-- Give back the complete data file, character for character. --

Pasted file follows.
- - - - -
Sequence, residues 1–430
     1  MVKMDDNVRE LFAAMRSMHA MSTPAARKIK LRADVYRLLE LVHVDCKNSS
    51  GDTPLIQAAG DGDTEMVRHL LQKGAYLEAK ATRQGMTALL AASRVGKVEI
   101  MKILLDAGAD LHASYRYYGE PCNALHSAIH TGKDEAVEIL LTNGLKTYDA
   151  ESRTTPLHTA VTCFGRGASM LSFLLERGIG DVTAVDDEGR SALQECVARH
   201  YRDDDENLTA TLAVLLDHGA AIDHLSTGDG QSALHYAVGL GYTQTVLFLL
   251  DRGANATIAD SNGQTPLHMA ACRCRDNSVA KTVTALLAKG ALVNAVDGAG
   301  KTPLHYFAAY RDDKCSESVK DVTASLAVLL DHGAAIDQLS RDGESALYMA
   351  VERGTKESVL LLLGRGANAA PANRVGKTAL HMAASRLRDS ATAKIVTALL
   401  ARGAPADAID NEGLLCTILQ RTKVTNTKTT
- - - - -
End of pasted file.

Sequence, residues 1–430
     1  MVKMDDNVRE LFAAMRSMHA MSTPAARKIK LRADVYRLLE LVHVDCKNSS
    51  GDTPLIQAAG DGDTEMVRHL LQKGAYLEAK ATRQGMTALL AASRVGKVEI
   101  MKILLDAGAD LHASYRYYGE PCNALHSAIH TGKDEAVEIL LTNGLKTYDA
   151  ESRTTPLHTA VTCFGRGASM LSFLLERGIG DVTAVDDEGR SALQECVARH
   201  YRDDDENLTA TLAVLLDHGA AIDHLSTGDG QSALHYAVGL GYTQTVLFLL
   251  DRGANATIAD SNGQTPLHMA ACRCRDNSVA KTVTALLAKG ALVNAVDGAG
   301  KTPLHYFAAY RDDKCSESVK DVTASLAVLL DHGAAIDQLS RDGESALYMA
   351  VERGTKESVL LLLGRGANAA PANRVGKTAL HMAASRLRDS ATAKIVTALL
   401  ARGAPADAID NEGLLCTILQ RTKVTNTKTT